The catalytic activity of 5NixMgZr catalysts (x = 0, 3, 5, 7) in terms of CH4 conversion, CO2 conversion, and H2/CO mole ratio at 700 °C are shown in Fig. 1(A–C) and at 800 °C are shown in Fig. 1(D–F). The TGA results of spent catalysts are shown in Fig. 1(G,H), respectively. It is worth noting that without magnesium oxide modification, catalyst 5Ni/ZrO2 shows lower catalytic activity than that of magnesium oxide modified catalyst in all cases. At the reaction temperature of 700 °C, 5Ni/xMg–ZrO2 catalysts showed approximately 50–60% CH4 conversion and 65–75% CO2 conversion which were comparable to those in the recent publications10,47,49,54,62,63. The TGA results of these spent catalysts also showed carbon deposition. Interestingly, when the reaction temperature was set at 800 °C, it gave a stable performance with constant high conversion up to 500 min in the time-on-stream test (TOS) and no noticeable carbon deposition. Over 5Ni/3Mg–ZrO2 catalyst, 85% CH4 conversion, 92% CO2 conversion and 0.94 H2/CO ratios were achieved constantly up to 500 min in the TOS. On the target of H2/CO = 1, the performance of the 5Ni/5Mg–ZrO2 catalyst was found to be the best as it showed 82% CH4 conversion, 87% CO2 conversion. The 5Ni/7Mg–ZrO2 catalyst performance was a little bit lower than that of 5Ni/5Mg–ZrO2 (78% CH4 conversion, 86% CO2 conversion and H2/CO = 0.98). Whether to check the thermal decomposition of CH4 at 800 °C, reaction without catalyst was carried out with substrate CH4. It gave 3% CH4 conversion with 1.8% H2 yield in 3 h time on stream. Further again, a blank reaction was carried out with substrates CH4 and CO2 together at 800 °C. It resulted in 1.6% CH4 conversion, 3.6% CO2 conversion, H2 yield 0.63%, CO yield 4.25% and H2/CO = 0.14. As our catalytic systems are highly active towards DRM, so the thermal decomposition of CH4 as an intermediate step in DRM could be neglected.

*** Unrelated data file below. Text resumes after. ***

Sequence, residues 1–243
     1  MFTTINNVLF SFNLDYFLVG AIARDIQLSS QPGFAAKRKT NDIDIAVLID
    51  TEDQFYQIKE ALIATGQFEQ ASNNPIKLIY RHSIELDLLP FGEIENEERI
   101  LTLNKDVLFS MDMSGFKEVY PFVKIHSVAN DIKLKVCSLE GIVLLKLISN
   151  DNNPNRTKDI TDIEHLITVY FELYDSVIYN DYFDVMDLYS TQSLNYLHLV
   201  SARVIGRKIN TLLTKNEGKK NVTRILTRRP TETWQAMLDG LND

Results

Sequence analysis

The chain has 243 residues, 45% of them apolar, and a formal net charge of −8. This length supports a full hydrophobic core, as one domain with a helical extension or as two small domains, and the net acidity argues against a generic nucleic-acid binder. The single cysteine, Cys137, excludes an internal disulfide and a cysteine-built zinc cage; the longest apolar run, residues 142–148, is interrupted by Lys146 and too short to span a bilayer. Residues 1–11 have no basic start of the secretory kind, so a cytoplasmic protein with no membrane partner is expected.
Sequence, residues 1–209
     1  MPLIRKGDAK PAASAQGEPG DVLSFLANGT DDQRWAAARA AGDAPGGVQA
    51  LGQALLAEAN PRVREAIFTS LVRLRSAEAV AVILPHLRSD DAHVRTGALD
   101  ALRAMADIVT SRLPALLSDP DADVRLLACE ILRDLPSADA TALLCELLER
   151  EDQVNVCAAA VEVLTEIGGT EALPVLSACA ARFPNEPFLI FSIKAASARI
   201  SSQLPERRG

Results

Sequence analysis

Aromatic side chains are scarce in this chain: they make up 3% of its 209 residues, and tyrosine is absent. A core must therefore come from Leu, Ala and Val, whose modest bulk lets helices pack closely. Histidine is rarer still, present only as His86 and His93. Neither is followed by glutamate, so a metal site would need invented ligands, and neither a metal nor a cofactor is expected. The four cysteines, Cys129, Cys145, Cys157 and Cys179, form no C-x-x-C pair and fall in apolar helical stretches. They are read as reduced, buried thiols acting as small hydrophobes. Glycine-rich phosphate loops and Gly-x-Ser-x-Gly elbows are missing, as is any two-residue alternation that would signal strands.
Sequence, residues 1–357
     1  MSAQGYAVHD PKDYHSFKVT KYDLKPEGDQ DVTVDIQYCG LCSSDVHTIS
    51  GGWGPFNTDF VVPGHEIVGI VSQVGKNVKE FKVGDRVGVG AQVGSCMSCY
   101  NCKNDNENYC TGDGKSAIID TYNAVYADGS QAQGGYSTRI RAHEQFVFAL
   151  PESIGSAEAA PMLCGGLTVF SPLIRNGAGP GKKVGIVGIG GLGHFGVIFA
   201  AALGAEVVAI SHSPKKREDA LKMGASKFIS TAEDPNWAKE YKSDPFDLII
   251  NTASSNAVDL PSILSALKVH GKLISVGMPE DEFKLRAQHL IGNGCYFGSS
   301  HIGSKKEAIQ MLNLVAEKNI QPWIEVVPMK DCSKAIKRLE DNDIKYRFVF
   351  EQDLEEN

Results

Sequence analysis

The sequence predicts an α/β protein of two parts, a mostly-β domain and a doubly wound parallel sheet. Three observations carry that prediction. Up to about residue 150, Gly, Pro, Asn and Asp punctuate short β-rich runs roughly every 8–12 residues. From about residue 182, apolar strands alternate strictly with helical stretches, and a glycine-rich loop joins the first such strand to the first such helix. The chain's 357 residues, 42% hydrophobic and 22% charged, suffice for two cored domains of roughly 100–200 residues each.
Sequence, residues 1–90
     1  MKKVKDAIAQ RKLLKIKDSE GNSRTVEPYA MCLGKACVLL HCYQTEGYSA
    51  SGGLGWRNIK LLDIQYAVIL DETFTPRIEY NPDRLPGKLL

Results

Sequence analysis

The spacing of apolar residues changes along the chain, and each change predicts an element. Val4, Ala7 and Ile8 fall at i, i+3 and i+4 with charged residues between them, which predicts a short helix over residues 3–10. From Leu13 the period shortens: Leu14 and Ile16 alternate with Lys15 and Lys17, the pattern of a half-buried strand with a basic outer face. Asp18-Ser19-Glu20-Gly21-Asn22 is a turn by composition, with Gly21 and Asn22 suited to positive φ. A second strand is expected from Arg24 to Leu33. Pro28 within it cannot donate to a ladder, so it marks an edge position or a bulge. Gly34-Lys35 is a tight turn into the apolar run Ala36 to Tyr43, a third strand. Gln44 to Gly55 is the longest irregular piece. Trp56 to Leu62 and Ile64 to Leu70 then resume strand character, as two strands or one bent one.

Figure 1
figure 1

Catalytic activity profiles for methane dry reforming over various catalysts (AF); (A) CH4 conversion at 700 °C reaction temperature, (B) CO2 conversion at 700 °C reaction temperature, (C) H2/CO mole ratio at 700 °C reaction temperature, (D) CH4 conversion at 800 °C reaction temperature, (E) CO2 conversion at 800 °C reaction temperature, (F) H2/CO mole ratio at 800 °C along with TGA curves of spent catalysts, (G) TGA results of spent catalyst carried out at 700 °C reaction temperature, (H) TGA results of spent catalysts carried out at 800 °C reaction temperature.

To understand the surface behaviour of the DRM reaction, we characterised the catalyst thoroughly and discussed the characterization results herein. The surface area analysis indicated that after the addition of MgO, type IV adsorption–desorption curve with H1 hysteresis loop (Figure S1) was built up. It indicates the narrow distribution of mesopores.

XRD patterns of 5NixMgZr catalysts (x = 0, 3, 5, 7) are shown in Fig. 2(A–D). The diffraction lines at 2θ = 24.2°, 28.34°, 31.45°, 34.2°, and 55.4° were attributed to the monoclinic zirconia (m-ZrO2) whereas diffraction lines at 2θ = 30.48° and 50.24° were attributed to tetragonal zirconia (t-ZrO2). Cubic nickel oxide showed diffraction lines at 2θ = 37.2°, 43.28° and 62.9° for (111), (200) and (220) crystallographic planes, respectively. After the addition of basic promoter 3 wt% MgO, the crystalline peak intensity of ZrO2 remarkably increased as well as the selected plane of NiO (200) about 43.28° bragg angle also intensified and shifted to the lower angle 43.12°. It indicated the rapid growth of NiO-MgO solid solution50 after addition of MgO. Further addition of MgO did not show such a rapid rise of NiO-MgO solid solution.

Figure 2
figure 2

XRD of catalyst samples: m = monoclinic zirconia (m-ZrO2), t = tetragonal zirconia (t-ZrO2), n = NiO.